I have a sparse banded matrix A and I'd like to (direct) solve Ax=b. I have about 500 vectors b, so I'd like to solve for the corresponding 500 x's. I'm brand new to CUDA, so I'm a little confused as to what options I have available.
cuSOLVER has a batch direct solver cuSolverSP for sparse A_i x_i = b_i using QR here. (I'd be fine with LU too since A is decently conditioned.) However, as far as I can tell, I can't exploit the fact that all my A_i's are the same.
Would an alternative option be to first determine a sparse LU (QR) factorization on the CPU or GPU then perform in parallel the backsubstitution (respectively, backsub and matrix mult) on the GPU? If cusolverSp< t >csrlsvlu() is for one b_i, is there a standard way to batch perform this operation for multiple b_i's?
Finally, since I don't have intuition for this, should I expect a speedup on a GPU for either of these options, given the necessary overhead? x has length ~10000-100000. Thanks.
Best How To :
I'm currently working on something similar myself. I decided to basically wrap the conjugate gradient and level-0 incomplete cholesky preconditioned conjugate gradient solvers utility samples that came with the CUDA SDK into a small class.
You can find them in your CUDA_HOME directory under the path:
Basically, you would load the matrix into the device memory once (and for ICCG, compute the corresponding conditioner / matrix analysis) then call the solve kernel with different b vectors.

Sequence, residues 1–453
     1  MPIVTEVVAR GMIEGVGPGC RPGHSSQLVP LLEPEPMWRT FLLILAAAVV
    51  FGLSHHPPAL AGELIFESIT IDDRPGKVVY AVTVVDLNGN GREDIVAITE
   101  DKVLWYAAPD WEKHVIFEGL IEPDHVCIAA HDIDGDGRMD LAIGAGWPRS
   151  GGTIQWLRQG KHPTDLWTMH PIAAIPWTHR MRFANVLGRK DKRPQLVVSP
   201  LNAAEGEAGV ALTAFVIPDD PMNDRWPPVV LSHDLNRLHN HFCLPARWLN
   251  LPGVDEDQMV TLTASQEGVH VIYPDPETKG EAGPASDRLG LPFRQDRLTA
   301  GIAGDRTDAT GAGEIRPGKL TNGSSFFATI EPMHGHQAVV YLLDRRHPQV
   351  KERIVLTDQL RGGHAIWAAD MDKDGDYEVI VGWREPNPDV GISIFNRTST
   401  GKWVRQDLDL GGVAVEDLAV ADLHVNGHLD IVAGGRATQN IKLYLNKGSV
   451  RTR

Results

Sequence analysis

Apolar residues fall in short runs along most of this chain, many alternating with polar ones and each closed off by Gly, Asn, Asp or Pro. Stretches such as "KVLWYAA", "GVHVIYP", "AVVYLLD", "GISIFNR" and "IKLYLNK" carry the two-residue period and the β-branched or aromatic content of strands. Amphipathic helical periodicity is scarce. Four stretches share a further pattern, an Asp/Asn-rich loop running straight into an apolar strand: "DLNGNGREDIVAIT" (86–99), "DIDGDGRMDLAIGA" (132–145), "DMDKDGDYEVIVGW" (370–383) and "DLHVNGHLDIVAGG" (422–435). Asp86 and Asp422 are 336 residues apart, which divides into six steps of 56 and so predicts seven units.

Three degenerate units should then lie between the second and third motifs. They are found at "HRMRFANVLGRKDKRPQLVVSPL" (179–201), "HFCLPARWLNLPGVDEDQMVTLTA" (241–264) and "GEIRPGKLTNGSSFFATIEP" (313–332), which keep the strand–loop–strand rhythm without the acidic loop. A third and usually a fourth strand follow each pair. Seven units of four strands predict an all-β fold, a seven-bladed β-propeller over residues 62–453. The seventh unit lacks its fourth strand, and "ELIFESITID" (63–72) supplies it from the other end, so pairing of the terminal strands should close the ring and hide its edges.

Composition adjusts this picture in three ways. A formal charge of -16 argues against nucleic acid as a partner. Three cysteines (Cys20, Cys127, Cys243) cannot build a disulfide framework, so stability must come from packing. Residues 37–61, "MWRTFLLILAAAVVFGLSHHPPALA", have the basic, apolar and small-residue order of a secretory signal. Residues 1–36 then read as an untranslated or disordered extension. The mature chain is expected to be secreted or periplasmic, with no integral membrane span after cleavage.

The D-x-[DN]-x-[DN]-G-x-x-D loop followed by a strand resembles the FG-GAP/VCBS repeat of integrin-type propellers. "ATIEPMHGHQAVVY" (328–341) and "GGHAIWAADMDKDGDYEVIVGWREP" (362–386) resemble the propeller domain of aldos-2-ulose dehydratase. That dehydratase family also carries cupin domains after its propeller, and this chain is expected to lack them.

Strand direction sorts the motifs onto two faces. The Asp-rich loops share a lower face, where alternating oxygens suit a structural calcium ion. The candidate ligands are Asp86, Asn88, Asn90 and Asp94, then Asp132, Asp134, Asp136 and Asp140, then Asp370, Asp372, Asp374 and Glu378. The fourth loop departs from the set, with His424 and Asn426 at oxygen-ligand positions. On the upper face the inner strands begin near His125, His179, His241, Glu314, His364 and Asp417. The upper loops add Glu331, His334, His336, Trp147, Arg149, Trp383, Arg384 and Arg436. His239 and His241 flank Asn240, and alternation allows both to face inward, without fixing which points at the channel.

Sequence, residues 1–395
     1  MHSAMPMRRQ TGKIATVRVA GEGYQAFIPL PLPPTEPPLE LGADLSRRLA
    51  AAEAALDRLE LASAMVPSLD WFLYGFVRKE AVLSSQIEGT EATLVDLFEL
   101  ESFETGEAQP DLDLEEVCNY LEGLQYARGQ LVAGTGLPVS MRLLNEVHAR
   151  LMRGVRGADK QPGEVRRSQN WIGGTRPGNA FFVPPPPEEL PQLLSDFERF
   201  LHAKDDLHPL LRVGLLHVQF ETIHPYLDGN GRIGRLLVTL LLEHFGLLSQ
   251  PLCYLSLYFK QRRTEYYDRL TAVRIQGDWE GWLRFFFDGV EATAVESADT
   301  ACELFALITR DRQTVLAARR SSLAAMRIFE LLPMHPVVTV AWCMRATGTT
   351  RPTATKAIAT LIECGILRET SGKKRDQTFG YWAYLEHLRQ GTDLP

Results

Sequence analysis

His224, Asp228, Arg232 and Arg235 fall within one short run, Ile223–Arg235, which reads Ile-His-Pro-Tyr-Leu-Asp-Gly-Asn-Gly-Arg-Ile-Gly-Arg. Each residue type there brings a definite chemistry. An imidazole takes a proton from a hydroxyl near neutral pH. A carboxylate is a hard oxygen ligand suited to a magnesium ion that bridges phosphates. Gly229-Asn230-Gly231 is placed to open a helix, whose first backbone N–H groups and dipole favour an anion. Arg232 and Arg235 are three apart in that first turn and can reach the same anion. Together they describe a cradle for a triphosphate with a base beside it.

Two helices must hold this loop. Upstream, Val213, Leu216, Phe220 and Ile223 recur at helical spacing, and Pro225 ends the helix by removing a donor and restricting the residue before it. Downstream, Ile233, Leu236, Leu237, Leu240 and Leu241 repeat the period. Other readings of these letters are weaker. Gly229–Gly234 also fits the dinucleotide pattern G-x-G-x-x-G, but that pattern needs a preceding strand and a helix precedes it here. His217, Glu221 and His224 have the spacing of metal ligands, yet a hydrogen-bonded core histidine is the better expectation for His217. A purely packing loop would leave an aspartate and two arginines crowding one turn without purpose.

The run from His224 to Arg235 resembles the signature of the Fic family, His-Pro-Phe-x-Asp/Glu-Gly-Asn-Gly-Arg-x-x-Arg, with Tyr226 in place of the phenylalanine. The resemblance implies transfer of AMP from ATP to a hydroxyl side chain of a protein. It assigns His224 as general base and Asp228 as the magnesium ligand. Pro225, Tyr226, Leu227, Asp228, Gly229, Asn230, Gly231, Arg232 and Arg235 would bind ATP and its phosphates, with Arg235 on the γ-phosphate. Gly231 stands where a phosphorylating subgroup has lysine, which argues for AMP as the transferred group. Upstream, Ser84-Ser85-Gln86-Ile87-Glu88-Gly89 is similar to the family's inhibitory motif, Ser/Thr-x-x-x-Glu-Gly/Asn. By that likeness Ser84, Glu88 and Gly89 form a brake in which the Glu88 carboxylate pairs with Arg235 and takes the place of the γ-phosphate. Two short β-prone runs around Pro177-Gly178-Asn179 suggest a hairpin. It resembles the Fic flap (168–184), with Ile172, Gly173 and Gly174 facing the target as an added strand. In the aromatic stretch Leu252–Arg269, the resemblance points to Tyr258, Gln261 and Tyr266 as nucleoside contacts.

I don't know what you anticipate your matrix band structure to look like, but if it is symmetric and either diagonally dominant (off diagonal bands along each row and column are opposite sign of diagonal and their sum is less than the diagonal entry) or positive definite (no eigenvectors with an eigenvalue of 0.) then CG and ICCG should be useful. Alternately, the various multigrid algorithms are another option if you are willing to go through coding them up.
If your matrix is only positive semi-definite (e.g. has at least one eigenvector with an eigenvalue of zero) you can still ofteb get away with using CG or ICCG as long as you ensure that: 1) The right hand side (b vectors) are orthogonal to the null space (null space meaning eigenvectors with an eigenvalue of zero). 2) The solution you obtain is orthogonal to the null space.
It is interesting to note that if you do have a non-trivial null space, then different numeric solvers can give you different answers for the same exact system. The solutions will end up differing by a linear combination of the null space... That problem has caused me many many man hours of debugging and frustration before I finally caught on, so its good to be aware of it.
Lastly, if your matrix has a Circulant Band structure you might consider using a fast fourier transform (FFT) based solver. FFT based numerical solvers can often yield superior performance in cases where they are applicable.